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I know it was asked already but the answers the super unclear

The first requirement is to open a file (sadly I have no idea how to do that)
The second requirement is a section of code that does the following:

Each line represents a single student and consists of a student number, a name, a section code and a midterm grade, all separated by whitespace

So I don't think i can target that element due to it being separate by whitespace?

Here is an excerpt of the file, showing line structure

987654322  Xu  Carolyn  L0101   19.5
233432555    Jones  Billy Andrew      L5101   16.0
555432345    Patel  Amrit                 L0101   13.5
888332441    Fletcher Bobby L0201   18
777998713   Van Ryan  Sarah Jane         L5101   20 
877633234    Zhang  Peter             L0102   9.5
543444555    Martin  Joseph           L0101   15    
876543222    Abdolhosseini  Mohammad Mazen  L0102 18.5

I was provided the following hints:

  • Notice that the number of names per student varies.
  • Use rstrip() to get rid of extraneous whitespace at the end of the lines.

I don't understand the second hint.

This is what I have so far:

counter = 0  
elements = -1  

for sets in the_file  
    elements = elements + 1  
    if elements = 3  

I know it has something to do with readlines() and the targeting the section code.

share|improve this question
What is the question you want to ask? –  Burhan Khalid Nov 8 '12 at 4:31
Using the readlines in this case. And am I sure that I cant continue with the way I wrote already. –  AlwaysNeedsHelp Nov 8 '12 at 4:33
Did you try to Google python rstrip to better understand the 2nd hint? –  John Peters Nov 8 '12 at 4:36
Did you try to Google how to open a file in python? –  John Peters Nov 8 '12 at 4:40

3 Answers 3

marks = [float(line.strip().split()[-1]) for line in open('path/to/input/file')]
average = sum(marks)/len(marks)

Hope this helps

share|improve this answer

Open and writing to files strip method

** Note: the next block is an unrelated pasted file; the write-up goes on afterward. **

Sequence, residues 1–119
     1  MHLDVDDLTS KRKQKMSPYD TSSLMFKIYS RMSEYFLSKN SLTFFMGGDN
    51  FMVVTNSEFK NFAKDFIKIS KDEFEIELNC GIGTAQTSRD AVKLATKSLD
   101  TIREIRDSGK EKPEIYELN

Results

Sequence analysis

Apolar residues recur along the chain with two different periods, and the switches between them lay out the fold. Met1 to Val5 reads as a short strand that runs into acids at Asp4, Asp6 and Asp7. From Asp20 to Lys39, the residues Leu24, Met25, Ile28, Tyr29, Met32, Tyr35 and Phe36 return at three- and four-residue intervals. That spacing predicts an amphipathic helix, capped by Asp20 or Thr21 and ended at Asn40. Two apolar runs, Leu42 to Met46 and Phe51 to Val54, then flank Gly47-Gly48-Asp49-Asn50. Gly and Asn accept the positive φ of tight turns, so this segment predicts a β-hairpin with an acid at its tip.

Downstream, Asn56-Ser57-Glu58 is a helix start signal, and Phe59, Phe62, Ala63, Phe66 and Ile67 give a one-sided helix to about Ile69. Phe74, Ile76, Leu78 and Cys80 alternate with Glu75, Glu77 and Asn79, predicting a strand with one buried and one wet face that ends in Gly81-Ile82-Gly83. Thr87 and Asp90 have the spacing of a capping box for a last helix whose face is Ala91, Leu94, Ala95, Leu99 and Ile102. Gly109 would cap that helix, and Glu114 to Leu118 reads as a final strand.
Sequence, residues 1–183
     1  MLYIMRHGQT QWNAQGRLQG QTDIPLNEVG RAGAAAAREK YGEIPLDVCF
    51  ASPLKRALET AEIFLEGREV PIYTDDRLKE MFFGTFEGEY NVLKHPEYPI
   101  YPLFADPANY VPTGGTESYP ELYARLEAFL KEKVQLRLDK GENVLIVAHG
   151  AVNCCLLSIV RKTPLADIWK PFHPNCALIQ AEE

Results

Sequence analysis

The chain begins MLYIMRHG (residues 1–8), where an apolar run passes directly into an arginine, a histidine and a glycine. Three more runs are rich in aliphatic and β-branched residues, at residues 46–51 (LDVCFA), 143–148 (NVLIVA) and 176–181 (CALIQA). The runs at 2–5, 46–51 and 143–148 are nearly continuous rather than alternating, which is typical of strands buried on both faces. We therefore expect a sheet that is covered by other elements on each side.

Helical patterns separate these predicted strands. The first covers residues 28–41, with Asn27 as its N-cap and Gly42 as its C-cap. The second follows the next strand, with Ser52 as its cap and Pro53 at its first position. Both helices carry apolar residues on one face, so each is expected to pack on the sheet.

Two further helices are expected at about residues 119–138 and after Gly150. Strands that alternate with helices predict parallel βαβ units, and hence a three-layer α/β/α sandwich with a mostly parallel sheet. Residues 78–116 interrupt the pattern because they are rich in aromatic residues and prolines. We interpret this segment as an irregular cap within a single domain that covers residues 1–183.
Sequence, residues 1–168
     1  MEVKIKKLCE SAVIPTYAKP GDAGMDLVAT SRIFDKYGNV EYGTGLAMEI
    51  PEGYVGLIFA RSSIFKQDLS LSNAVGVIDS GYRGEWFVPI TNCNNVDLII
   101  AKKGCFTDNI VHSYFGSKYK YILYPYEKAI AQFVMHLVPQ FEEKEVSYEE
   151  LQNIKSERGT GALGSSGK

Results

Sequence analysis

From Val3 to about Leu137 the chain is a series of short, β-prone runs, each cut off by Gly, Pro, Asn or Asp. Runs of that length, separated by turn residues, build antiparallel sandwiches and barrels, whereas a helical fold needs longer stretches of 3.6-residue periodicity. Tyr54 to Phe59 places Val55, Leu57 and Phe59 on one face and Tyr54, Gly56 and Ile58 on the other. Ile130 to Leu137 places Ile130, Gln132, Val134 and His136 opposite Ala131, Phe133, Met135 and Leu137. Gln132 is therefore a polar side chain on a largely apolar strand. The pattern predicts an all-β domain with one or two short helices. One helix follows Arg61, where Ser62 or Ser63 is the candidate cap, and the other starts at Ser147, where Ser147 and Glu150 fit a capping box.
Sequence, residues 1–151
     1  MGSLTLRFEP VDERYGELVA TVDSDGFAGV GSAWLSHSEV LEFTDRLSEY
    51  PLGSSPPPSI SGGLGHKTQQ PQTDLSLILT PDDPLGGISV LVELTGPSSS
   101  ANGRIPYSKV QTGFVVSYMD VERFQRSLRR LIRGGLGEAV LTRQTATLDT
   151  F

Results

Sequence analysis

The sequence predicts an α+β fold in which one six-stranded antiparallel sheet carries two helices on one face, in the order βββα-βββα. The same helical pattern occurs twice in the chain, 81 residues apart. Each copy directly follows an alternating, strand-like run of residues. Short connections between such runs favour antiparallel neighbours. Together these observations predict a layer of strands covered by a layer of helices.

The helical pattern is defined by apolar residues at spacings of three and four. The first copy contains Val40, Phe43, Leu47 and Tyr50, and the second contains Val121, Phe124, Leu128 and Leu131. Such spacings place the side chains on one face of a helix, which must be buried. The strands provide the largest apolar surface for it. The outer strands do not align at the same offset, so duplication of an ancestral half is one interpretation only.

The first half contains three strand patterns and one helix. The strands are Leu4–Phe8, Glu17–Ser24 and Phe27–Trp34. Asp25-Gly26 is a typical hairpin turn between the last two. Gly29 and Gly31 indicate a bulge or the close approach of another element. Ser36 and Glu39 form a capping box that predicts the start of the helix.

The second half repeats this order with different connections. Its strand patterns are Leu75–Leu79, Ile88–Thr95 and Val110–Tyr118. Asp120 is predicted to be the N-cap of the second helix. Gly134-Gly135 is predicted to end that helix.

Something like this?

data = {}
with open(filename) as f:#open a file

    for line in f.readlines():#proceed through file lines

        #next row is to split data using spaces and them skip empty using strip
        stData = [x.strip() for x in line.split() if x.strip()]

        #assign to variables
        studentN, studentName, sectionCode, midtermGrade = stData
        if sectionCode not in data:
            data[sectionCode] = []

        #building dict, key is a section code, value is a tuple with student info
        data[sectionCode].append([studentN, studentName, float(midtermGrade)]

#make calculations
for k,v in data.iteritems():#iteritems returns you (key, value) pair on each iteration
    print 'Section:' + k + ' Grade:' + str(sum(x[2] for x in v['grade']))
share|improve this answer
I don't think we're helping students with their homework and generally with their studies by providing ready to go code. –  mjv Nov 8 '12 at 4:41
would you suggest to remove my answer? –  Artsiom Rudzenka Nov 8 '12 at 4:43
I think it is help. For computer science sometimes i think its easier to understand after seeing the finished product. remove if u will –  AlwaysNeedsHelp Nov 8 '12 at 4:45
setdefault() or DefaultDict will get rid of your inner if check. –  Burhan Khalid Nov 8 '12 at 4:46
sure i know but it looks like the level is really beginer –  Artsiom Rudzenka Nov 8 '12 at 4:47

more or less:

infile = open('grade_file.txt', 'r')
score = 0
n = 0
for line in infile.readlines():
    score += float(line.rstrip().split()[-1])
    n += 1

avg = score / n
share|improve this answer
think you forgot to convert string to float - otherwise you merging strings representations into one big string –  Artsiom Rudzenka Nov 8 '12 at 4:50

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